George Shearing was born to working class parents in London, England in August 1919. The youngest of nine children, Shearing was blind from birth. He began playing piano at the age of three and the extent of his formal musical training were the four years spent at the Linden Lodge School For The Blind.
At the age of 16, Shearing was playing at a London pub for "25 bob a week" (which is the equivalent of working for $2.00 a week today). But Shearing loved to play and had a great ear for jazz and classical music. Shearing met Jazz producer and historian Leonard Feather and soon thereafter, in 1937, began appearing on radio and recording. By 1940, Shearing had joined popular bandleader Harry Parry and was working several projects on the side, including a stretch with Stephane Grappelli, as the exiled violinist made his comeback. In the decade, Shearing was to win 7 consecutive Melody Maker polls.
In 1978, Shearing stopped performing and recording with the quintet for the most part. Feeling he'd done about all he could in that form, Shearing felt that performing solo (or with only bass accompaniment) would allow him room to breathe, creatively--it gave him what he called "pianistic freedom". In 1983 and 1984, a pair of successive album collaborations with Mel Torme received Grammy Awards. In 2004, "Lullaby of Birdland: The Autobiography of George Shearing" was published. That same year, Shearing suffered a fall and all but ceased performing publicly thereafter. In 2007, Shearing was knighted by Queen Elizabeth II of England.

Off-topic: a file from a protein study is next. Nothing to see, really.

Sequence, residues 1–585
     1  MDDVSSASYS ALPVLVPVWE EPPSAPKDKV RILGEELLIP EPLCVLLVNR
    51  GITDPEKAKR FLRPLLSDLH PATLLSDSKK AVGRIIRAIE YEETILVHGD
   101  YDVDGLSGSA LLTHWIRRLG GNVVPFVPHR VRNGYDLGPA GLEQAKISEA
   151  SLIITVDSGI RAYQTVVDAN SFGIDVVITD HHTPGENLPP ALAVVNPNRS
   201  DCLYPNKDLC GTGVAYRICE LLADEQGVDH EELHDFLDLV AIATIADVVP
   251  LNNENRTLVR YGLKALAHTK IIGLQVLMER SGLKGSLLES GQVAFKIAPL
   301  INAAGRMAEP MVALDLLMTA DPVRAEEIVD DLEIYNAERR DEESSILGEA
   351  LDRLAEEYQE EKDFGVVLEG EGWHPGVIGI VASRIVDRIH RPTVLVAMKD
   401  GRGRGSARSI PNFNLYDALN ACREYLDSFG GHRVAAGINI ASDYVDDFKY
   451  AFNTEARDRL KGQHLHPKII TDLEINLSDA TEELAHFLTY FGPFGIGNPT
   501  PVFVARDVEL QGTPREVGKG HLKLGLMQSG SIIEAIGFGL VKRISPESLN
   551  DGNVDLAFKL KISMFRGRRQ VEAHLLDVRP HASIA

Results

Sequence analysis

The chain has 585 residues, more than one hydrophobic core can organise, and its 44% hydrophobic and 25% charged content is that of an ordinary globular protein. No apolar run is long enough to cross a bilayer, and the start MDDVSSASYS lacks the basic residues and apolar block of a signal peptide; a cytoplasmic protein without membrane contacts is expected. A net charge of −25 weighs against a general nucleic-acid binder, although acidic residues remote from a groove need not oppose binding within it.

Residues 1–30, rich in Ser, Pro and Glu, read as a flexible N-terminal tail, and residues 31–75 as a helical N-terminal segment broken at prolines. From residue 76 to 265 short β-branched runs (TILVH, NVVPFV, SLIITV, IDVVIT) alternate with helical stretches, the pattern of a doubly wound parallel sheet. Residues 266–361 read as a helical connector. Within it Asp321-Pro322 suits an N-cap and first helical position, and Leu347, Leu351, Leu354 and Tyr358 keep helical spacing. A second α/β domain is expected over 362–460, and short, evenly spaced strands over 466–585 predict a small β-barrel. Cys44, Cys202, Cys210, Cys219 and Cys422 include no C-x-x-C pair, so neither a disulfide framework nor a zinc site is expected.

An early Christmas track, "Snowfall" recorded with Billy May, was included on the out-of-print 1960 Capitol LP "The Shearing Touch". A 1970 recording of "Let It Snow" appears on the album "Out Of This World" (issued on CD in 2000 by Koch). A quartet version of "Away In A Manger" was included in the 1994 compilation "Santa's Bag" and, in 2002, Shearing recorded "Sleigh Ride" for the Mack Avenue comp, "Jazz Yule Love". Beyond that, there are a scattering of recordings that could be used in a seasonal context, such as "Heart Of Winter", "Moonlight In Vermont", and the ever controversial "My Favorite Things".
But, honestly, "Christmas" is such an exquisite album that there's no real need to search beyond. It's a solid listen at any time of year. Make sure you have a copy in your Christmas library.